Dogs prepare to strut their stuff at annual show

Tyler Clarke
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The top of their respective breeds, about 175 show dogs will strut their stuff at the Prince Albert Exhibition Centre from March 7 to 9.


Preparing his Finnish lapphund for the annual Prince Kennel and Obedience Club’s All-Breed Conformation Show, Tom Tilford said that he makes sure Rowdy is well trimmed and on his best behaviour.

“He likes going to the shows -- he likes showing off,” Tilford said during the club’s last practice before the event, at the Archie Anderson Pavilion on Wednesday. “If you aren’t touching him he’s not happy.”

Rowdy, with his frizzed tail and friendly demeanour, is a unique sight, with the Finnish lapphund one of only two that Tilford believes live in Prince Albert.

Tilford owns both, who together make up 1.3 per cent of the breed’s Canadian population.

“They’re a fairly new breed in Canada, and they originally were bred and developed to herd reindeer in Finland,” Tilford explained. “Because there’s not much herding done in Finland anymore they’ve become a popular house pet.

“They’re active and yet they’re sedentary when you want them to be, and they’re usually really obedient.”

Joining Tilford and Rowdy on Wednesday were a handful of the local club’s membership of about 30 canines who were training for the annual conformation show, where dogs are judged against others in their breed.

“The whole idea behind showing in conformation is to improve the individual breeds  -- to maintain a high standard and to even improve on that,” one of the event’s organizers Karen Fairbairn explained.

“In the breed ring, the original intent was only the animals to be used for breeding were to be show -- it’s not always about that, now … but they must all meet criteria.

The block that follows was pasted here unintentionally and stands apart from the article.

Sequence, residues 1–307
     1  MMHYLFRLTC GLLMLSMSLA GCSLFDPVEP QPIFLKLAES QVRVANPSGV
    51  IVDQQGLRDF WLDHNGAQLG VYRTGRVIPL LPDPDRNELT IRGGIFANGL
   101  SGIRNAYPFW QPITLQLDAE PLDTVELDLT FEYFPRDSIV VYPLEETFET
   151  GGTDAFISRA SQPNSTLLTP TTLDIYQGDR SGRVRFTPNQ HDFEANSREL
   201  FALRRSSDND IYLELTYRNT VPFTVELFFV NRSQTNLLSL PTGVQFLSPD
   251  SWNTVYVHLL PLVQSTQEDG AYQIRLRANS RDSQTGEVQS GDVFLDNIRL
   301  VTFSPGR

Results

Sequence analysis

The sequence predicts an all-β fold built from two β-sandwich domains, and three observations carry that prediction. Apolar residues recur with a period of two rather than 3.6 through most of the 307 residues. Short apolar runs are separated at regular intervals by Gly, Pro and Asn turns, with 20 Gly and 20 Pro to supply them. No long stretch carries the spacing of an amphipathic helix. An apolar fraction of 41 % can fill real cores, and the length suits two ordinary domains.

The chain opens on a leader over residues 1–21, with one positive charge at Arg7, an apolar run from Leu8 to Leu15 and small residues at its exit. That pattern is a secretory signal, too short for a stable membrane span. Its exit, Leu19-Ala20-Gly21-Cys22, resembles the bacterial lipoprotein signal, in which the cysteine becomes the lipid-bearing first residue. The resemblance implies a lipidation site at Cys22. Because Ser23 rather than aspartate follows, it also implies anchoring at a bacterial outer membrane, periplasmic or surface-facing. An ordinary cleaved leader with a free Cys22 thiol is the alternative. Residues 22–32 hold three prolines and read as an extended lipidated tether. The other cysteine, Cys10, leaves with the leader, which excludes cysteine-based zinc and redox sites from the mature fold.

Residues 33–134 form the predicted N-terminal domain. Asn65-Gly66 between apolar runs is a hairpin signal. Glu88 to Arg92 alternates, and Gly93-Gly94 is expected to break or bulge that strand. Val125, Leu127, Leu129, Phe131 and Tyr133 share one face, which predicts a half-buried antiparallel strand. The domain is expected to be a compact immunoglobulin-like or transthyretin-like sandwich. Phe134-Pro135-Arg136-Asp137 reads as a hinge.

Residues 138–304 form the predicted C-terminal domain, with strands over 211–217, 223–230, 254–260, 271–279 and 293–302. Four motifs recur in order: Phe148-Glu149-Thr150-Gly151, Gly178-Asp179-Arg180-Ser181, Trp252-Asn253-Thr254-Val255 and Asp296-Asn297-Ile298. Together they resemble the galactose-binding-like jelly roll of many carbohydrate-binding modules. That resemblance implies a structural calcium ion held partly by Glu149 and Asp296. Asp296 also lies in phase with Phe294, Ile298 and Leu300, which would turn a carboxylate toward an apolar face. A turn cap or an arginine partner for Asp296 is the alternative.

Judges compare dogs to their breed standard, taking note of size, temperament and structure.

Dogs start by walking around a ring, during which judges take note of their walk.

“Usually you’ll see in the dog shows, it’s a trot,” Fairbairn explained. “The right trot will show exactly if they’re doing what they’re supposed to be doing.”

Dogs also must stand, long time club member Connie Richard said, who plans on showing off Jenner, her six-year-old English springer spaniel.

“He loves to dog show,” she said as Jenner obediently sat down, looking up at her for a command.

“Jenner’s versatile, so he does everything. He does show, he does obedience, he does rally -- he’ll do whatever I asked. And he’s spoiled!”

Each dog breed has a purpose. Jenner’s is hunting, while other breeds’ purpose might be herding or pulling -- and their bodies are shaped accordingly.

We just invite people to come out and talk to the people who own dogs and are showing them. Tom Tilford

Sled dog breeds are better formed to pull weight than hunting dogs, Fairbairn explained.

When it comes to small toy dogs, their jobs are a bit more ambiguous.

“The toys are basically bred to be lap dogs -- loyal companions sitting beside you on the couch,” she said.

The public is invited to attend the Prince Kennel and Obedience Club’s All-Breed Conformation Show from March 7 to 9, during which judging will take place from about 9 a.m. to 5 p.m. each day, Fairbairn said.

The Prince Albert SPCA will accept admission by donation at the front door, with proceeds going to their efforts.

Although the public is invited to attend, Fairbairn cautions parents to keep an eye on their children, and to ask permission before petting a dog.

“Some of the breeds are really poofed up a lot, so they’ve got stuff in their hair, so if they’re going to go in the ring they don’t really want people to do a whole lot of petting.”

“There’s lots of folks coming to down with their dogs, and lots to see,” Tilford said. “We just invite people to come out and talk to the people who own dogs and are showing them.”

Organizations: Prince Kennel and Obedience Club

Geographic location: Prince Albert SPCA, Finland, Canada

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